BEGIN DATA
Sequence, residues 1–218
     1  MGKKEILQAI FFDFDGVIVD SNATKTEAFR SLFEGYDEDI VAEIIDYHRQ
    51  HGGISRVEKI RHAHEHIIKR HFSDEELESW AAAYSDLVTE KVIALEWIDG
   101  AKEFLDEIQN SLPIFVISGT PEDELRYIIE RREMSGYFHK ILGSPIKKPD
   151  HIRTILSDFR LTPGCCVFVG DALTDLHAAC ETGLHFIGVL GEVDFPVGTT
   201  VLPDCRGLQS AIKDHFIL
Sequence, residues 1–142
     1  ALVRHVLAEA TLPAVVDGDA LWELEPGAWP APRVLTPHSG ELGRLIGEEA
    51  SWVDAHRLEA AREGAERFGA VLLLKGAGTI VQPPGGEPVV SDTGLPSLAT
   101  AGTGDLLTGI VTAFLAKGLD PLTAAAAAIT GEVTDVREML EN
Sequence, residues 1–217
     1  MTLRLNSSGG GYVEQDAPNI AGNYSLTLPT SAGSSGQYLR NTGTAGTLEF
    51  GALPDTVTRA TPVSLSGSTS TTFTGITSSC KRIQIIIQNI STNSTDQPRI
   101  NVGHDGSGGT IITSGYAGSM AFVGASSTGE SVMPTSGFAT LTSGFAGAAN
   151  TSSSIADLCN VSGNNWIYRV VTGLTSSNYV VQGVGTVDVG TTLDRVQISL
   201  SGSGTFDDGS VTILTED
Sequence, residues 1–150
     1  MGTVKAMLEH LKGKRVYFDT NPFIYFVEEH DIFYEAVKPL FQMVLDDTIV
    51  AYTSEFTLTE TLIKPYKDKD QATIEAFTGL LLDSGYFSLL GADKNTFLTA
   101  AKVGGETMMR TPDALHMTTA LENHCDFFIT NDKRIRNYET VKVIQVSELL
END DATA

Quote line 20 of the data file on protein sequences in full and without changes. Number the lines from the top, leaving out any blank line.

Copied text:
   101  AKVGGETMMR TPDALHMTTA LENHCDFFIT NDKRIRNYET VKVIQVSELL